Click here to Skip to main content
Click here to Skip to main content

Garbage Collections in Java

By , 4 Sep 2013
Rate this:
Please Sign up or sign in to vote.

Introduction

When a Java program starts execution, the operating system assigns some memory to JVM. JVM uses this memory for all of its operations. Part of this memory is called heap memory. Whenever we create an object via 'new' operator, it is assigned some memory from the heap memory area. This heap memory area is globally accessible to all running threads. If all running threads take memory from the heap memory area for their object creation, there should be some mechanism to reclaim those memories, otherwise the heap memory will go out of stock. In programming languages like C++, if someone creates an object using the 'new' operator, then its the programmer's responsibility to keep track of the object and clear the memory via destructors once the object is not needed, otherwise it will cause memory leaks. But in Java, we do not have any explicit way of destroying an object. JVM takes care of this memory management itself and relieves the programmers from having to worry about memory leaks. It is essential for any programmer claiming to have good knowledge of Java programming, to know how garbage collection works behind the cloak.

Garbage collection is a mechanism to reclaim heap memory occupied by those objects which are not being used by any of the live threads of our program. JVM periodically runs a process called Garbage Collector which checks which objects are being used and which are not, and reclaims memories from unused objects and gives it back to the heap memory for future use. Apart from reclaiming memory from unused objects, garbage collector also ensures that objects having live references exist and thus avoids the situation called dangling reference.

When an Object Becomes Eligible for Garbage Collection

An object becomes eligible for garbage collection if is not reachable by any live thread or it is not being referenced by any other reachable objects. JVM assumes certain objects, known as roots, to be reachable. It then starts tracing out other reachable objects starting from these roots and mark them as live objects. At the end, it clears all other objects not marked as lives. Garbage collector does take into account cyclic dependency. If some object A is reachable from some other object B and object B is reachable from object A, but if both A and B are not reachable from any other live objects, then they both become eligible for garbage collection.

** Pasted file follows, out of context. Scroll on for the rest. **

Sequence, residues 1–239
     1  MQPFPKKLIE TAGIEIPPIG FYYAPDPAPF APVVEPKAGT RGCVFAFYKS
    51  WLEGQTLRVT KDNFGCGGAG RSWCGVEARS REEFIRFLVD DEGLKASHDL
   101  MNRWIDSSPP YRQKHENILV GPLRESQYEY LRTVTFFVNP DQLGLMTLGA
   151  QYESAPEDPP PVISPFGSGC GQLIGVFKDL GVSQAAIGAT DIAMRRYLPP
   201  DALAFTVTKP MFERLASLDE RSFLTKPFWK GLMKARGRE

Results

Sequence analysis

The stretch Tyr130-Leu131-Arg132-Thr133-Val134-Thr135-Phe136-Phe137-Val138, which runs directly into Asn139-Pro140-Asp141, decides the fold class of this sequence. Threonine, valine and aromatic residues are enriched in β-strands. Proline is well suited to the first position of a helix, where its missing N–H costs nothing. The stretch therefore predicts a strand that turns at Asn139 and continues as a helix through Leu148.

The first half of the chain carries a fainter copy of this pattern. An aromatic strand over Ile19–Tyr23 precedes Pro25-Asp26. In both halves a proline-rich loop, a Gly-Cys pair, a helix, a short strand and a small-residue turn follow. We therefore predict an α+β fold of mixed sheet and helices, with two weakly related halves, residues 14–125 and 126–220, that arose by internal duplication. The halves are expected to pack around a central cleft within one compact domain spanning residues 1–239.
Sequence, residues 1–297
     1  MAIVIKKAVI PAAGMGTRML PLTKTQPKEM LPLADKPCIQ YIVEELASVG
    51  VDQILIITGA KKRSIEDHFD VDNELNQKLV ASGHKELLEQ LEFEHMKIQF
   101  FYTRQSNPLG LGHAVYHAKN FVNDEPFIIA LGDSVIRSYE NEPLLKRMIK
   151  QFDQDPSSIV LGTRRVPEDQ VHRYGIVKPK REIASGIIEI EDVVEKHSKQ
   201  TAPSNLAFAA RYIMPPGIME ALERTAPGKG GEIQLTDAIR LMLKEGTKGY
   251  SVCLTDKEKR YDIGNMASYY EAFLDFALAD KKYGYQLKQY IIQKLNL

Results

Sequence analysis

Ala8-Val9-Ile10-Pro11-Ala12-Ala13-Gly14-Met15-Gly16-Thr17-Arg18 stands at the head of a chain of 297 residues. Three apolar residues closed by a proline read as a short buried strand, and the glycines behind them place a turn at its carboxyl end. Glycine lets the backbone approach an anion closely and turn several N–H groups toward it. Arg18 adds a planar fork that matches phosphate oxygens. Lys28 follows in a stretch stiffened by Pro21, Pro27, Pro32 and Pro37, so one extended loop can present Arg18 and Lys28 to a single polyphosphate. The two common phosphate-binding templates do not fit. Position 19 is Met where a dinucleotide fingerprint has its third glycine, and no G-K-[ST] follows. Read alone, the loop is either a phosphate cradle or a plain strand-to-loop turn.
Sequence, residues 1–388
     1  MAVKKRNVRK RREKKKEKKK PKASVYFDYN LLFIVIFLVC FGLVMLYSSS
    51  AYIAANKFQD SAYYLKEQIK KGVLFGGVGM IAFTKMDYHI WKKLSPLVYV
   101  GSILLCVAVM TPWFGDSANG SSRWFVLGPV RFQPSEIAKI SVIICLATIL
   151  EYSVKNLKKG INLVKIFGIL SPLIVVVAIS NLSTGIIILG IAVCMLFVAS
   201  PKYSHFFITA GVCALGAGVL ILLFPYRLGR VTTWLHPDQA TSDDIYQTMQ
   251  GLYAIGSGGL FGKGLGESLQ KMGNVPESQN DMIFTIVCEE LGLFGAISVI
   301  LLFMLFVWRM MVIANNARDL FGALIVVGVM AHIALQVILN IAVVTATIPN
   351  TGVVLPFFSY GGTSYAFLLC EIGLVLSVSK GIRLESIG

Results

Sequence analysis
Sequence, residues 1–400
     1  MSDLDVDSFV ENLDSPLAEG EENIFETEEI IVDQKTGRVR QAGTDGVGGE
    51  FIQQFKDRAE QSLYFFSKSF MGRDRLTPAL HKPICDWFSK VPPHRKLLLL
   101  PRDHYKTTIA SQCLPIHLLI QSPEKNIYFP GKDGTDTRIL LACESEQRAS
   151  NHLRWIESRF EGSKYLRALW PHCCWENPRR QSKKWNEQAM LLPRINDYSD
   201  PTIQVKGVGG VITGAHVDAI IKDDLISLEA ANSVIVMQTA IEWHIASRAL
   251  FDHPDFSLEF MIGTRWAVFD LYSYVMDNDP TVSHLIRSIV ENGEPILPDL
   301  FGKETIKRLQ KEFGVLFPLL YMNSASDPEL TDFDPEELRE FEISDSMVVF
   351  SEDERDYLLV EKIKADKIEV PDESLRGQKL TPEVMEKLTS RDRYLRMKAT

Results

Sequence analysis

An object become eligible for garbage collection in the following scenarios:

  1. If the object is assigned a null value like 'object = null', then it becomes eligible for garbage collection.
  2. If a parent object A contains a reference of object B, and if the object A is set to null, then object B also becomes eligible for garbage collection.
  3. If the object is created inside a block and the program control goes out of the scope of the block, then the object becomes eligible for garbage collection.

Heap Memory Generations and Generational Garbage Collections

JVM breaks up the heap memory into smaller parts called generations. These are Young Generation, Old Generation and Permanent Generation. It divides Young Generation again into sub-smaller parts called Eden space, Survivor space 1 and Survivor space 2.

All newly created objects are first placed in the Young Generation. If they survive some number of garbage collections, then they are promoted to the Old Generation. Since, most of the objects survive for only a short duration of time and only few remain allocated over time, Young generation is more frequently garbage collected than the old generation.

The following steps describe how a newly allocated objects survive in the Young generation and get promoted to Old generation.

  1. When a new object is created, it is assigned memory from Eden space.

    Both survivor space1(S1) and survivor space2(S2) start with empty allocation.

  2. When Eden space gets filled up, JVM runs one minor garbage collector which clears unreferenced objects and moves referenced ones to the first survivor space(S1).

    Here green color represents referenced objects and red color indicates un-referenced ones. Upon moving to survivor space 1, referenced objects get their reference count incremented by one.

  3. Newly created objects are still assigned memory from Eden space. After second minor garbage collection, those objects who have live references in both Eden space and S1, are moved to S2 region.
  4. This way, the referenced objects keep on oscillating in between the survivor spaces, until they reach a threshold.

  5. After some time interval, if some objects survive some threshold limit(in this case 5), they are promoted to the old generation.

In this way, objects continue to get promoted to the old generation because of minor garbage collections. At the end, JVM runs a major garbage collector on the old generation which claims the memories occupied by unused objects and returns it back to the heap memory.

References

License

This article, along with any associated source code and files, is licensed under The Code Project Open License (CPOL)

About the Author

Ramiz Raza

India India
No Biography provided

Comments and Discussions

 
-- There are no messages in this forum --
| Advertise | Privacy | Mobile
Web02 | 2.8.140415.2 | Last Updated 4 Sep 2013
Article Copyright 2013 by Ramiz Raza
Everything else Copyright © CodeProject, 1999-2014
Terms of Use
Layout: fixed | fluid